America Supports You: Partners Fix Wounded Soldier's Home
By Paul X. Rutz
American Forces Press Service
WASHINGTON, May. 26, 2006 Grassroots and corporate supporters came together May 24 at the home of Army Sgt. 1st Class Juanita Wilson here to honor and support her as she continues serving her country.
This is the fourth home repair project taken on by "Serving Those Who Serve," which was started in September by "Rebuilding Together," the nation's largest volunteer homebuilding organization, and backed by Countrywide Financial Corp.
"I'm very, very grateful for everything that you guys have done, the things you are doing, and the things that you will continue to do for the soldiers that are coming home," Wilson said at a news conference to volunteers helping refurbish her home. Wilson is one of 11 women injured in combat so far in the war on terror, having lost her left hand in Iraq on Aug. 21, 2004, when a roadside bomb detonated under her vehicle. She was treated at Walter Reed Army Medical Center in Washington, D.C., and given a prosthetic limb. She chose to re-enlist in April and now serves as a supply sergeant in the Active Guard/Reserve Program.
Patricia Johnson, president and chief executive officer of Rebuilding Together, spoke about the goals behind Serving Those Who Serve. "This program is about providing assistance -- home rehabilitation modification -- for soldiers, military men and women, who return from Iraq or Afghanistan and who have sustained life-changing injuries," she said.
The nonprofit organization is a member of "America Supports You," a Defense Department program highlighting grassroots and corporate support for the nation's servicemembers and their families.
Wilson's example is "an inspiration" to all Americans, said Johnson. "As a mother and a soldier, she entered a combat zone, and, after sustaining a significant injury, she chose to return to the military because she understands the importance of keeping our country safe and secure," she said.
Johnson thanked Countrywide, primary sponsor of Serving Those Who Serve. The company also is sponsoring a program to rebuild 1,000 homes destroyed by Hurricane Katrina.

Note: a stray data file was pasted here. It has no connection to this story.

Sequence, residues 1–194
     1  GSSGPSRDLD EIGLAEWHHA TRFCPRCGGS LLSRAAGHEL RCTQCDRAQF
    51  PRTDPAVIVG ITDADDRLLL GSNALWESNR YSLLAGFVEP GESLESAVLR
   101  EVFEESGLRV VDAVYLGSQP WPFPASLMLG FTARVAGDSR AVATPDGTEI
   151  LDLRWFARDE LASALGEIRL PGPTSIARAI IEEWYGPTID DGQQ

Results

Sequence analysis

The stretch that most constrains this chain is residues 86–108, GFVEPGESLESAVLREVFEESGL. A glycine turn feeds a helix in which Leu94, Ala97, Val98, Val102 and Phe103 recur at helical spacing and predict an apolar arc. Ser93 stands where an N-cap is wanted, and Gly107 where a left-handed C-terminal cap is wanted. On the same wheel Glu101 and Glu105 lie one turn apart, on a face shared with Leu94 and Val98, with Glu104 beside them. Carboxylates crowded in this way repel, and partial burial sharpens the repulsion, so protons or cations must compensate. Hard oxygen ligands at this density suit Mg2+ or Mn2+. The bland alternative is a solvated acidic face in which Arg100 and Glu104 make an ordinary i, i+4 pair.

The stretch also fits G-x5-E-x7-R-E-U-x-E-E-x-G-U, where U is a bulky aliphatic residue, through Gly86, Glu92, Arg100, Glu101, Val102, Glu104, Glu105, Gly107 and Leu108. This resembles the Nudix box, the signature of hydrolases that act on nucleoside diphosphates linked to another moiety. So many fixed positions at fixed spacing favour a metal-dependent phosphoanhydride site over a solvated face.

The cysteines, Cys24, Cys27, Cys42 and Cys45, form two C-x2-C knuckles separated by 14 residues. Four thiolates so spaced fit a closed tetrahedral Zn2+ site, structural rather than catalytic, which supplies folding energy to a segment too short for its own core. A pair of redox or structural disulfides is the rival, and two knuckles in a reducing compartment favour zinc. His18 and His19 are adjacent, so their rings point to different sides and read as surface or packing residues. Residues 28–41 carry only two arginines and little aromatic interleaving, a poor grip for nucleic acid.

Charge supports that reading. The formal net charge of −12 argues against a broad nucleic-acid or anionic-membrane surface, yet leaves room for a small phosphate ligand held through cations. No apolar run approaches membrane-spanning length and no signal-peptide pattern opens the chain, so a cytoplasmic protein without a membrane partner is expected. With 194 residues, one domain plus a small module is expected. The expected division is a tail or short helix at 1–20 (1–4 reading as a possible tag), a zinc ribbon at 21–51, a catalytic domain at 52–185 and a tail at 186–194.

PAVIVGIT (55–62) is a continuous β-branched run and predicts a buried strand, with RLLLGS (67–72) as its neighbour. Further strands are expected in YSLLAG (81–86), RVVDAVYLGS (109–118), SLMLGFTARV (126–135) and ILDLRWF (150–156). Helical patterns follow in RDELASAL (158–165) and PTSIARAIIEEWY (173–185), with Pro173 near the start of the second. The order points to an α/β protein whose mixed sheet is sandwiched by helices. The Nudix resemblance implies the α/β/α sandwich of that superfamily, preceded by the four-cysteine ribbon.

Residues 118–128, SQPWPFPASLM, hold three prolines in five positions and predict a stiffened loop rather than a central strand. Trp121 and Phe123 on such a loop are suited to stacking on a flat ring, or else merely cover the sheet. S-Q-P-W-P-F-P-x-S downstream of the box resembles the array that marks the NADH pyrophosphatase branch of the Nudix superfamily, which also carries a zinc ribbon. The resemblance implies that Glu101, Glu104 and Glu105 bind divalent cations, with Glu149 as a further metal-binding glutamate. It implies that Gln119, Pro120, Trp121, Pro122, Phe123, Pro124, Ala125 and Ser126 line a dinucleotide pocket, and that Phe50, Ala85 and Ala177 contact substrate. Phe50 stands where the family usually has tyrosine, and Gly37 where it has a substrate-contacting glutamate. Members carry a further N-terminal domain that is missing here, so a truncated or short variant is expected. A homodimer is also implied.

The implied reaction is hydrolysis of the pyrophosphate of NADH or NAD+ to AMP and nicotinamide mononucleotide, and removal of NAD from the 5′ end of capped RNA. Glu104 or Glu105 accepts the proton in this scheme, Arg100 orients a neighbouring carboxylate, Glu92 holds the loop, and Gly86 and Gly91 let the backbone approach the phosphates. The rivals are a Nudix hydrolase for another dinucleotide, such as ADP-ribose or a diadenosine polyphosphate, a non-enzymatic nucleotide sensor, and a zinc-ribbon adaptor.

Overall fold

Rick Simon, a spokesman for Rebuilding Together, said the three previous projects completed by Serving Those Who Serve have been more invasive to servicemembers' homes because those troops were in wheelchairs. Changes to Wilson's house will focus on making life easier for Wilson and her 7-year-old daughter. Improvements include installing handrails throughout the home, re-arranging storage areas, landscaping, enhancing the lighting outside, replacing the doorknobs with lever handles, installing rocker wall switches and installing an upgraded security system.
Wilson said she had been worried about security since her husband, Charles, joined the Army and will be away for a long time.
Help from several companies and government groups made the project successful, and representatives from many of them were on hand, including John Ciresi of Countrywide, John Mills of the TW Perry building materials supply company, Justin Hayes from U.S. Sen. Barbara Mikulski's office, Laurie Atherholt from the Maryland Department of Veteran's Affairs, several members of the Maryland legislature, and radio personalities from the morning show at Baltimore radio station WIYY, "98 Rock." The radio station presented Wilson with a new home alarm system and two years of free service.
Ciresi, a Vietnam-era veteran, said at least 15 people from Countrywide gave up a day of work to help fix the house. Several volunteers spoke of their personal and family connections to the military.
"As I listen to the comments, I'm struck by the number of persons here who have personal relationships with the military, past and present, and that shows that the connection here is not an abstract one, but truly a personal one. And that is greatly appreciated," said Brig. Gen. William Waff, deputy commanding general of the 99th Regional Readiness Command of the Army Ready Reserve.
He joked that it is sometimes difficult to honor soldiers like Wilson, a senior noncommissioned officer who shuns the spotlight. Then he turned to her and said, "Sergeant Wilson, you have honored the country at least three times: once by your initial enlistment into the Army, second, by your service in Iraq and being awarded the Purple Heart and the Combat Action Badge, and then by re-enlisting on April 6. ... We thank you for your service to the Army and the nation."